Saturday, August 11, 2012

What is Visual Stress and Irlen Syndrome?

According to the British Dyslexia Association and many Opticians, Visual Stress or Irlen Syndrome, is very common among people diagnosed with dyslexia.

According to the opticians round 35-40% of those with dyslexia have it.  In the general population the prevalence is thought to be around 5-20%.

Visual Stress has many different names:  Visual Dyslexia, Scoptic Sensitivity, Meares-Irlen Syndrome or Irlen Syndrome and Binocular Amblyopia.

Sufferers do not see a page of text the way it was written – with text all lined up neatly in rows.  For them, the text may be swirling in circles, running down the page like a waterfall and whole words or individual letters moving.

Along with these illusions they may also be suffering  from headaches, stomach aches, migraines and complain about feeling sick or their eyes hurt when they read.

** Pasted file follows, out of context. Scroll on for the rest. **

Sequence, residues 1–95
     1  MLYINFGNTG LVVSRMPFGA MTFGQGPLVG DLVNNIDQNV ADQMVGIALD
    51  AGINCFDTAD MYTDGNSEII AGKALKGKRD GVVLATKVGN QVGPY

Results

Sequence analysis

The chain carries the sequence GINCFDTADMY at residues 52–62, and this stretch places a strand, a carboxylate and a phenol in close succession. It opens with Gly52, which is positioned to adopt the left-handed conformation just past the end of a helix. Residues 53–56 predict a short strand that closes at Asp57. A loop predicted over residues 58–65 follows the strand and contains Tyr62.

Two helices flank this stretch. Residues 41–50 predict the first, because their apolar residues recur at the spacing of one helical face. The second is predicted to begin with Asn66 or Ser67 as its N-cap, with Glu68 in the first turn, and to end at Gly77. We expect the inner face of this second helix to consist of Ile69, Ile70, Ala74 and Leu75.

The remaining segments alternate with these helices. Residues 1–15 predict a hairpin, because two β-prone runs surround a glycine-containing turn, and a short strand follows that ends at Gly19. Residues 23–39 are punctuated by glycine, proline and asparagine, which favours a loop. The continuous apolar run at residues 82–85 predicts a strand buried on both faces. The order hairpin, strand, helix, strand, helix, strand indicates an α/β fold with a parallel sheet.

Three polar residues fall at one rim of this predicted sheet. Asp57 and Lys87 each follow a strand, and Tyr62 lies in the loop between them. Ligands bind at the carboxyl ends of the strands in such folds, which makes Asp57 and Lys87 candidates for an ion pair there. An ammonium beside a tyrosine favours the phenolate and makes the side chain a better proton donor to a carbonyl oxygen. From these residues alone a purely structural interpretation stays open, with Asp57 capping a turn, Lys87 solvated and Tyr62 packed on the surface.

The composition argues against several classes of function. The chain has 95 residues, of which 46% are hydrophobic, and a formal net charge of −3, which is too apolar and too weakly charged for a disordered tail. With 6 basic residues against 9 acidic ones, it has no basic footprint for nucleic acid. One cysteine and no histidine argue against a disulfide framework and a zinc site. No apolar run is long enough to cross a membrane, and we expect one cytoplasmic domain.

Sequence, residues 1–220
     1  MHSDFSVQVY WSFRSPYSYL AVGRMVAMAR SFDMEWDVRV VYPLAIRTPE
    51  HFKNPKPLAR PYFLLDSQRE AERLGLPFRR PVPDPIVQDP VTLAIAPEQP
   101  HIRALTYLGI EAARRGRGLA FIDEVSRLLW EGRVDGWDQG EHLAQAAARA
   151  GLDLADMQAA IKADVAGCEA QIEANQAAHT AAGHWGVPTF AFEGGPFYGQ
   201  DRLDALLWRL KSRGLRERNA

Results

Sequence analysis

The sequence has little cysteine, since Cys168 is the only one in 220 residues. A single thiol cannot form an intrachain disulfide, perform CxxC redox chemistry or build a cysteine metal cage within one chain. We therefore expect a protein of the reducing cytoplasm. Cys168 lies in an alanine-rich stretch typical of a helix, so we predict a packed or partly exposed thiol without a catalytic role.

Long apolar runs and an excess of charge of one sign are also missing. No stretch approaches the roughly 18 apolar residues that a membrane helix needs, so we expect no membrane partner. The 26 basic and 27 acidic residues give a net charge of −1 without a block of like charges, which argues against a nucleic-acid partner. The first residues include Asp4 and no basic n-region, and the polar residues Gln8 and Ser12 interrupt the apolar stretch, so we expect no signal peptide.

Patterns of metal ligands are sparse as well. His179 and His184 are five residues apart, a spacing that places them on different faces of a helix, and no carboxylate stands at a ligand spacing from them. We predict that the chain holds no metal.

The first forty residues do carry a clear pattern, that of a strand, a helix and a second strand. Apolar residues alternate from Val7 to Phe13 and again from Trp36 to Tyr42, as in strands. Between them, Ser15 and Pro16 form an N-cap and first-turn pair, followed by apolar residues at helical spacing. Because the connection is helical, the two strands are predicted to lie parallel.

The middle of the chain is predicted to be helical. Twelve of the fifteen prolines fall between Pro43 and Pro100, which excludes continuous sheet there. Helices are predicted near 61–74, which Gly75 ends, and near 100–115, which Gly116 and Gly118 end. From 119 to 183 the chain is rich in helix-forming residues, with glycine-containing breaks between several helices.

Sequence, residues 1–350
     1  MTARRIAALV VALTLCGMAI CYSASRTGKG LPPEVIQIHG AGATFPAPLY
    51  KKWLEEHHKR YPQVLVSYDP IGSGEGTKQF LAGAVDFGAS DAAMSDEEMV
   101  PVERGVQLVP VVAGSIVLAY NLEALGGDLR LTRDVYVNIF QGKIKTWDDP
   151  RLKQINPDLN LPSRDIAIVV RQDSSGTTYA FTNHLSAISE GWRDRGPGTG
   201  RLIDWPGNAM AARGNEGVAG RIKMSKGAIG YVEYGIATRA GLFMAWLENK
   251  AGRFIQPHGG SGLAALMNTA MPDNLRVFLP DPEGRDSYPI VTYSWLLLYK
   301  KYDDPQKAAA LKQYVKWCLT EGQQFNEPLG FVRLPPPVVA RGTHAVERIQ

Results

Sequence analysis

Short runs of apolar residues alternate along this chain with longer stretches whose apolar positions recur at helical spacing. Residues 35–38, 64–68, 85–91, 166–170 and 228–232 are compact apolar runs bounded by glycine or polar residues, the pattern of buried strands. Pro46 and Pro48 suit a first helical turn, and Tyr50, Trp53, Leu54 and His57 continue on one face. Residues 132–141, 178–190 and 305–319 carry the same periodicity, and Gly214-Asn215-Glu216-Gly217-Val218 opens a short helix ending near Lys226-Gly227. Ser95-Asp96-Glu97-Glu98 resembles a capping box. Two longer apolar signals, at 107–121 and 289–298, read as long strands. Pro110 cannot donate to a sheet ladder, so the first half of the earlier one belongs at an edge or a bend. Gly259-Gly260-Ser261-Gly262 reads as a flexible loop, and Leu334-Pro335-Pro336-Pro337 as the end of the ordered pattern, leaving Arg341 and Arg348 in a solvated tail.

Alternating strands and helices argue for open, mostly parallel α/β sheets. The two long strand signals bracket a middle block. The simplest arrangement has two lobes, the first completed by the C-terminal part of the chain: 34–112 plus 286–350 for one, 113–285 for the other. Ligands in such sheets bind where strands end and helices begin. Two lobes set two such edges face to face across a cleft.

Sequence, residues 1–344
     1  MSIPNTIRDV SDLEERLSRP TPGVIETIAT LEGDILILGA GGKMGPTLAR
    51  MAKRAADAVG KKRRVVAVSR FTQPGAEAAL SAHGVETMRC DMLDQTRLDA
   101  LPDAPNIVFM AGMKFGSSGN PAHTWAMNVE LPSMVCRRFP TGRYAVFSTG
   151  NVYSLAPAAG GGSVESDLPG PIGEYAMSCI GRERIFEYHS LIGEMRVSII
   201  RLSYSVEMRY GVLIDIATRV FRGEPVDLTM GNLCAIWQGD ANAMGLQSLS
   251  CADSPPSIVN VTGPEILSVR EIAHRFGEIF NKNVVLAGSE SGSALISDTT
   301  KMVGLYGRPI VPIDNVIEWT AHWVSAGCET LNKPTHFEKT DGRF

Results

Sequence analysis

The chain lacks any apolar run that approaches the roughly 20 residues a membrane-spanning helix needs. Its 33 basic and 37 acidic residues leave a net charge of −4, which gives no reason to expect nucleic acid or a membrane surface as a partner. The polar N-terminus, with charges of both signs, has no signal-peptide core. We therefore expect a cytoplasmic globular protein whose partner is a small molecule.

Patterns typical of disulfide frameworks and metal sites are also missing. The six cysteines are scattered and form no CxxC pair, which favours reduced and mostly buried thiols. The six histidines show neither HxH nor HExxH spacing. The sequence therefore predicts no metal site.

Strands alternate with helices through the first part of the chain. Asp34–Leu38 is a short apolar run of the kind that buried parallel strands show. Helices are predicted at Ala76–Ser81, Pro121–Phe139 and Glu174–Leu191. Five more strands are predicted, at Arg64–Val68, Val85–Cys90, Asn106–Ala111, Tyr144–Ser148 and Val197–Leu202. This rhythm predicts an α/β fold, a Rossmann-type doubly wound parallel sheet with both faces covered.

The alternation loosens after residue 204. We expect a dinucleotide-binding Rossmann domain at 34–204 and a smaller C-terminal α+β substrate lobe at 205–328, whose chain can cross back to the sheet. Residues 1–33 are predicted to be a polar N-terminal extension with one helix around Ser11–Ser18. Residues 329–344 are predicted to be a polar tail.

Other clues are people who frequently yawn whilst reading or the use their finger to keep their place, lose their place when going from line to line or re-read the same lines, slow reading, rubbing eyes and poor comprehension.

If you think you, your child or a child in your class has visual stress you can use this handy screening test (and guide) as an initial assessment.

If the test highlights that there is a strong possibility of Visual Stress then there is a very inexpensive way of finding out if using a tint over the text will make a difference.

You should go to an Optician that is able to test for Visual Stress along with the standard sight test.

You may also find that there is a difference between the overlay tint you find most helpful and the glasses tint you find most helpful but that can be discussed with your optician, if necessary.


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  2. Thank you for your comments and the good advice. I am sure our readers will be very interested in what you say. Ken